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Present: Mr. Justice Wood Benton and Mr. Justice Grenier.PEBEBA.v. SOTSA.
D. C., Colombo, 27,913.
ction by broker for commission — Negotiation for sale of land — Negoti-ations falling through owing to circumstances over which broker hadno control.
A broker who introduces to his principal a person who is ableand willing to enter into the contract is entitled' to his commission,even it the negotiations should fall through owing to circumstancesover which the broker has no control.
PPEAL from a judgment of the District Judge of Colombo.
In this case the plaintiff sued the defendant (Mr. J. W. C.
de Soysa) for the recovery of a commission of Bs. 1,000 alleged tohave been earned by him in connection with the proposed sale of aproperty called the “ German Club ” by the defendant Mr. Caffoor.Mr. Caffoor offered .through the plaintiff to pay Bs. 50,000 for it, andMr. J. W. C. de Soysa in a letter to the plaintiff accepted that offer,and said that he would pay plaintiff 2 per cent, commission. Subse-quently Mr. Caffoor raised difficulties as to completing the purchasewhen he discovered that the extent of the property was only 2 acres2 roods and 19 perches, whereas he had been told by the plaintiff,on tiie authority of Mr. A. J. B. de Soysa (who was acting as Mr.J. W. C. de Soysa’s agent), that the property was 3 acres in extent.On September 25 Mr. Caffoor’s proctor wrote to Mr. J. W. C. de Soysastating that his client’s offer had been based on the statement that thsland was 3 acres in extent, and inquiring whether he would acceptBs. 5,000 less. On October 10 Mr. J. W. C. de Soysa's proctor wrote toMr. Caffoor’s proctor stating that Mr. de Soysa did not agree to the re-duction of the price. On the same day Mr. Caffoor became acquaintedwith the fact that Mr. de Soysa had sold the property to others.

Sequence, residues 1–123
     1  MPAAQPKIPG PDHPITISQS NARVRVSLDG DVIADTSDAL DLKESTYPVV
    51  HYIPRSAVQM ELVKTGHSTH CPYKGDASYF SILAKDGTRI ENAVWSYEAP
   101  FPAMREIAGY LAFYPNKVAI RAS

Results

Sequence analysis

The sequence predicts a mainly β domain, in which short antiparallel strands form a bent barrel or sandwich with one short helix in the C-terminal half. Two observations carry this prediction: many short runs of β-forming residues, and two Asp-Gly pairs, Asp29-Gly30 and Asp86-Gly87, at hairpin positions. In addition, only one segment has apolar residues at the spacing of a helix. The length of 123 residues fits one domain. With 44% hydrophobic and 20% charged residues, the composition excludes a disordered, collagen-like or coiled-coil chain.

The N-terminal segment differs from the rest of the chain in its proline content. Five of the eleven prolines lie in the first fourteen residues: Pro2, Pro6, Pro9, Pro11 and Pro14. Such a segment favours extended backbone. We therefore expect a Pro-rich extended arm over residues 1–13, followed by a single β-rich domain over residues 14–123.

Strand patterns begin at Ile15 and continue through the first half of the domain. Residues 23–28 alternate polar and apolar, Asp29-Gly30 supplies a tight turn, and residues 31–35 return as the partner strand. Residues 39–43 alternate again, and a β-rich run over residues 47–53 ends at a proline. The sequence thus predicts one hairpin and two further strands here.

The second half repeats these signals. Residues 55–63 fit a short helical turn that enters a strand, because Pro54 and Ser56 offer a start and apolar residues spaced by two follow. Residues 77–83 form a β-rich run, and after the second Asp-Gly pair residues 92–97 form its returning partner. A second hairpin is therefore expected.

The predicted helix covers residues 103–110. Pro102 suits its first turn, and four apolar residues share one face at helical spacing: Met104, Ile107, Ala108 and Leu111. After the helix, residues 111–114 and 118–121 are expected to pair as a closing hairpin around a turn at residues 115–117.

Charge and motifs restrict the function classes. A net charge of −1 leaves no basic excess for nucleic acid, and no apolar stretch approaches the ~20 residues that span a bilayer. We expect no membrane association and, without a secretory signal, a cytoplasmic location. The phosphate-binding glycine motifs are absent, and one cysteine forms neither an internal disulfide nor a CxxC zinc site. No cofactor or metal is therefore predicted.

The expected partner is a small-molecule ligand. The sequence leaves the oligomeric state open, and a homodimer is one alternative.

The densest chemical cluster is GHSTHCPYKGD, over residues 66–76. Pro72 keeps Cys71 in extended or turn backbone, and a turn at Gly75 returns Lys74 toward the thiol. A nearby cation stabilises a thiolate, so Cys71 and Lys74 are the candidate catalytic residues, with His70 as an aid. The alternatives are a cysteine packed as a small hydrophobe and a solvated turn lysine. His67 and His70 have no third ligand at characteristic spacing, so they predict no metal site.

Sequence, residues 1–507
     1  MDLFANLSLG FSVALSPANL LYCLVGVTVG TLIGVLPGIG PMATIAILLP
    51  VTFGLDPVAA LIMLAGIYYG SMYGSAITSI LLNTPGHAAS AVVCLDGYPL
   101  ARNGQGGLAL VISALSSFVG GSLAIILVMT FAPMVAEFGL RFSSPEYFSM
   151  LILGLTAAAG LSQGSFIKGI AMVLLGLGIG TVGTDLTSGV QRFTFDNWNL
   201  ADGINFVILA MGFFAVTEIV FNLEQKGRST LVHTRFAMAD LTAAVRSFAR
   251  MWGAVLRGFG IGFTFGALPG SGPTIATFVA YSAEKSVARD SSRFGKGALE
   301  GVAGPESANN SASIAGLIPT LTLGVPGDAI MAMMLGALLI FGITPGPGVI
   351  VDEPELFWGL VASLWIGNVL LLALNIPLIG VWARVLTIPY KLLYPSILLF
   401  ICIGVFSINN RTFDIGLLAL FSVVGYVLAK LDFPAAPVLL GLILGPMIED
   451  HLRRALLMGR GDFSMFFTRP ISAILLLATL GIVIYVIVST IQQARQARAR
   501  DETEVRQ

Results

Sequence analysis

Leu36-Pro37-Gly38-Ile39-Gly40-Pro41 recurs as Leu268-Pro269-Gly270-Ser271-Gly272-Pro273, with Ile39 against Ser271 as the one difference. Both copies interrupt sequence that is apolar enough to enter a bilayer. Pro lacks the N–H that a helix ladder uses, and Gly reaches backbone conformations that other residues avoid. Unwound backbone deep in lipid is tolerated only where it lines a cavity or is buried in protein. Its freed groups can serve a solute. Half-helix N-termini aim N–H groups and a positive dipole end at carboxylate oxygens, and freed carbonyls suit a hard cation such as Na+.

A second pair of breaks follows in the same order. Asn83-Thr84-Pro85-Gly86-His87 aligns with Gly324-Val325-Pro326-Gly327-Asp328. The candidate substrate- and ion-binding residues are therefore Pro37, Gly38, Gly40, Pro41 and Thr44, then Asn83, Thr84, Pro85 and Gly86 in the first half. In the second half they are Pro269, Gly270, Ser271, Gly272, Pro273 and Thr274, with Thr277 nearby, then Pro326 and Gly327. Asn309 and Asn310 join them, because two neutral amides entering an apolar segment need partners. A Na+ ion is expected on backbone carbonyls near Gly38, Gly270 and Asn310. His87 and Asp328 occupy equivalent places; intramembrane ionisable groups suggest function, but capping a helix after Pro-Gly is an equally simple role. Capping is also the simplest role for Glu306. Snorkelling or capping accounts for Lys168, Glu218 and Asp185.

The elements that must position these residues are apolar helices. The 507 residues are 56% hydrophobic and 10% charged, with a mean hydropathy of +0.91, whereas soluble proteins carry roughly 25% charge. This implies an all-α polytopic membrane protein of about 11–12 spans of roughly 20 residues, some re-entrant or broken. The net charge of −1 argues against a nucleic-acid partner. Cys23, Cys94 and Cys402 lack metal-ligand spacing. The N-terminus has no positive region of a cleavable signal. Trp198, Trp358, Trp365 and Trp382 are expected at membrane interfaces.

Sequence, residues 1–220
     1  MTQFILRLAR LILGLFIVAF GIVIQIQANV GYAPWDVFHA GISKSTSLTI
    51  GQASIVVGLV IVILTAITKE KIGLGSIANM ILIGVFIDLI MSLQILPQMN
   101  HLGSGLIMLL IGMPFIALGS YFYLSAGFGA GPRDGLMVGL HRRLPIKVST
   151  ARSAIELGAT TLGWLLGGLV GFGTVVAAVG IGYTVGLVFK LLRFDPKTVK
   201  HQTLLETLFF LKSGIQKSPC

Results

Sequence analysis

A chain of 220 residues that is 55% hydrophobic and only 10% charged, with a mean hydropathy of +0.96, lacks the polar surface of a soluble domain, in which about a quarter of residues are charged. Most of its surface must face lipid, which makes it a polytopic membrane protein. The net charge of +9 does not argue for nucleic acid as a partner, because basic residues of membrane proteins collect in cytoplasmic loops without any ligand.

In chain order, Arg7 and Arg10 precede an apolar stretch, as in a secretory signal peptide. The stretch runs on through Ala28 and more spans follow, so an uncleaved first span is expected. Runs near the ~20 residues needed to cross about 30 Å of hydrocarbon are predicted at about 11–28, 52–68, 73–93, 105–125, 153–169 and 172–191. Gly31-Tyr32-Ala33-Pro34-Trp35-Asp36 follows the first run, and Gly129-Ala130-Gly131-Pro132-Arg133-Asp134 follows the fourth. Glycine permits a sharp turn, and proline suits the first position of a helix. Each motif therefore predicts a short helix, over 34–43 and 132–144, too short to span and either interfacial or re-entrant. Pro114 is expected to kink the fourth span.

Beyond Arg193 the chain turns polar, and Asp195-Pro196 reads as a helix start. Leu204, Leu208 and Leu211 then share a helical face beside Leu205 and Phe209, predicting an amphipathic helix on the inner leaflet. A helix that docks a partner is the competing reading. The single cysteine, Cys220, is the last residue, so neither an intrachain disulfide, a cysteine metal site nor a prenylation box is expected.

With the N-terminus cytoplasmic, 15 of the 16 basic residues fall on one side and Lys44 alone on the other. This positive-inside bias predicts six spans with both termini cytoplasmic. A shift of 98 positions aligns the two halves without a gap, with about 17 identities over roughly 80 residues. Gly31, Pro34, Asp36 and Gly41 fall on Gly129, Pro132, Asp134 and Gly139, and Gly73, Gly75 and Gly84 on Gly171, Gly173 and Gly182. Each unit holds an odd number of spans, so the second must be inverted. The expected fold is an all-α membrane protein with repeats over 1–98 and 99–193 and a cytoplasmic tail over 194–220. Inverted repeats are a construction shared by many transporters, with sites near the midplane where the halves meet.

The District Judge gave, judgment for the plaintiff.
The defendant appealed.
H. J. C. Pereira, for the appellant.
Van Langenberg, for the respondent.
March 15, 1910. Wood Benton J.—
His Lordship discussed the facts, and then continued:—
It haB been argued by Mr. H. J. C. Pereira, on the strength ofthe decision of Chief Justice Bonser in the case of Simpson & Co.v. Soysa,1 that a broker is not legally entitled to his commission
* (1900) 4 N. L. B. 90.
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until a complete binding contract has been made through his agencybetween the purchaser and his principal, and that there was no suchcontract here, inasmuch as under our local law a contract for thesale of land requires to be embodied inva notarial conveyance. I donot think that any exception can be taken to the first part of thisargument. But the important question that has to be decided i&,what the law means when it lays down that there must be, undersuch circumstances,, a complete and binding contract for the purposeof making a principal liable. In my opinion the effect of theauthorities is to show that whenever the agent who is employed tonegotiate such a bargain has introduced to his principal a personwho is able and willing to enter into the contract, so that nothingfurther remains for the agent to do, he is entitled to his commission,although the negotiations afterwards fell through in consequence ofcircumstances over which the agent had no control.